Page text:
Interestingly, yesterday as I was flipping mindlessly through the TV channels, I was reminded of a movie that offers us the same insight. You may have guessed it from the title, the epic 90s fan favorite Cool Runnings. You may recall that Derice Bannock, the main character, is preparing for the race of his life. He is about to run for the Olympic trials to join Jamaica in their race for the gold. In one of the first scenes in the movie Derice calls to his wife "this is my time," as he gears up for the trials. Little does he know that this huge moment will also end up being one of his greatest disappointments. On race day, one of his competitors--we come to know lovingly as Junior--trips, falls and takes Derice and Yul Benner down with him. While Yul Brenner responds with a pungent rage, Derice shakes off his initial disappointment and turns lemons into something resembling lemonade. If you don't remember how he does that, watch the movie. It really is a classic.
Many times we get so hung up on the negative or challenging things that come our way, we forget to look for the silver linings. Biologically it isn't really our fault. We are hardwired to avoid pain and move toward pleasure. But sometimes, discomfort and even pain can benefit us tremendously. Especially when that discomfort is the result of our trying to serve one of our brothers or sisters. Allow me to give you an example. The other day I had just finished teaching a beginner yoga class. I typically stick around afterward and take the next instructor's mindfulness yoga class. The studio where I teach does not keep loaner yoga mats, and one woman walked in looking particularly upset by this reality. Noticing this, and feeling obligated to offer as a member of the staff, I gave up my mat so that she could practice on one. I fully accepted the fact that this would mean I practiced on bare hardwood floors. I was okay with that, as long as I got to stay for the class. This particular yoga mat was not that great anyway. Whenever I am traveling to studios or events to teach, I bring one of my less valuable mats in the event that my scatter-brain forgets it(I have already lost 2 mats due to this character flaw to-date). So the lavender, thin, worn out mat was loaned out and I settled in to begin practice. Before I even began to warm-up, the instructor of this class--having noticed that I lent out my mat-- gave me hers. And if there was a 5 star, luxury rating scale for yoga mats, this mat would have been a 6. It was double the thickness of my puny mat. It was spongy, but firm and the texture of the mat made it so that my hands and feet did not slide at all for the duration of the class. This scenario reminds me of a powerful verse from scripture. "Instead of your shame you will receive a double portion, and instead of disgrace you will rejoice in your inheritance. And so you will inherit a double portion in your land, and everlasting joy will be yours," Isaiah 61:5. I, like many, refer to this verse as the double for your trouble verse. Many times, when we are willing to sacrifice on behalf of others, we receive a double blessing to compensate us for our giving, if inconvenienced hearts.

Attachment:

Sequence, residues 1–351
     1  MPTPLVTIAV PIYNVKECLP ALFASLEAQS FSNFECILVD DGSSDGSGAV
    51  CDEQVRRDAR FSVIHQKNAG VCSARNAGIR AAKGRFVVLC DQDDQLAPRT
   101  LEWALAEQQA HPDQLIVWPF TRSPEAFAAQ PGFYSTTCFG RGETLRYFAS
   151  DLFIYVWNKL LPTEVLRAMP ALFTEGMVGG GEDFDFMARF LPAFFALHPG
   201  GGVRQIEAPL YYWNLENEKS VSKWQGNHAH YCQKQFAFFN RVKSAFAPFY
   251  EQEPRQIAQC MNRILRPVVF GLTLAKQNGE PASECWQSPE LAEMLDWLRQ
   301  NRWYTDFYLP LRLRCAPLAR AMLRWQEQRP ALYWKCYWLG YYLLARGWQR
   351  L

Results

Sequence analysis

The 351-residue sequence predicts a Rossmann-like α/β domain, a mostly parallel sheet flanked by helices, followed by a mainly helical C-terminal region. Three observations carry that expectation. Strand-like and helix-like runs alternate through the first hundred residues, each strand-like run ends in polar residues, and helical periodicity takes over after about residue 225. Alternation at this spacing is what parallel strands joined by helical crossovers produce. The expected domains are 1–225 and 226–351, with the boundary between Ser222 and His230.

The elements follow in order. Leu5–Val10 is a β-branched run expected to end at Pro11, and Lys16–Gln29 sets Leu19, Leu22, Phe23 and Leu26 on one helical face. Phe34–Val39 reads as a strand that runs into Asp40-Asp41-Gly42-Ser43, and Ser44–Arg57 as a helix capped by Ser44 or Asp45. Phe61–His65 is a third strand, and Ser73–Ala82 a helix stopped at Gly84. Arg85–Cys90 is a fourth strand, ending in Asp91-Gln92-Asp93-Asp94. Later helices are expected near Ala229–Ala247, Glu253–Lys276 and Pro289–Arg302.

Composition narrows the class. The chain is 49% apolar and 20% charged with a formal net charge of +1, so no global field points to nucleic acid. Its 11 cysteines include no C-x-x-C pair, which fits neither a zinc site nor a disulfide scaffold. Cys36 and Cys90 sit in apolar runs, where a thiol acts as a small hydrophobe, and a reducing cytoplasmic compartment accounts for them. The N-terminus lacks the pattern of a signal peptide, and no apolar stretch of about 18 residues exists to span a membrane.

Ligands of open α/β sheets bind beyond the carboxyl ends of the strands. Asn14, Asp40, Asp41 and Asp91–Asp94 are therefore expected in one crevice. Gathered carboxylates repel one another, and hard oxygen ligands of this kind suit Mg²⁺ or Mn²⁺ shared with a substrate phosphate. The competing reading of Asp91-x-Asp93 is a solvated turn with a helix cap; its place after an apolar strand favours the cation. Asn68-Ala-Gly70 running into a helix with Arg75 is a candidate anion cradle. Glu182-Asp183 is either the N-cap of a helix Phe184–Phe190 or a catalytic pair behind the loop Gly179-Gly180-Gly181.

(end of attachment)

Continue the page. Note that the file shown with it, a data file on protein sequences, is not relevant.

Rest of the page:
Admittedly there are times, when situations are so awful, they appear irredeemable. Nothing can reverse, or substitute for the pain and emptiness experienced at the death of a loved one. But we do have the power to choose ur focus. Surely we need to feel the full range of emotions we experience during a time of tragedy. If you look closely enough however, there is always a silver lining we can focus on. Recently, after the death of my grandfather with whom I was very close, I was heartbroken. In the midst of that pain I was simultaneously blown away by the way in which our entire extended family came together to honor him and make new memories together. We had not ever before all been in one place at the same time without other people present. This was a special, intimate time for our extended family to bond over our common joy at having loved our grandfather and our common pain at having lost him.
So the question remains, how exactly do we turn lemons into lemonade. I typically move through a 4 step process every time life hands me a sour lemon. Here is my process:
1. Confront the problem head on
2. Feel ALL the feels
3. Choose your focus
4 Take action where appropriate
Life really is what you make it We all have the choice to take the sourest lemon and turn it into something resembling lemonade. If you are going through a tough time and could use some perspective, I would love to talk with you. You can connect with me at our Contact page. Never be ashamed to reach out and talk to a professional if life is throwing you more lemons than you can handle. Sometimes the greatest sign of strength is in holding up your white flag, and seeking out the help that you need. May you find the blessing in the burden and turn your lemons into lemonade with ease. Abundant blessings to you, Namaste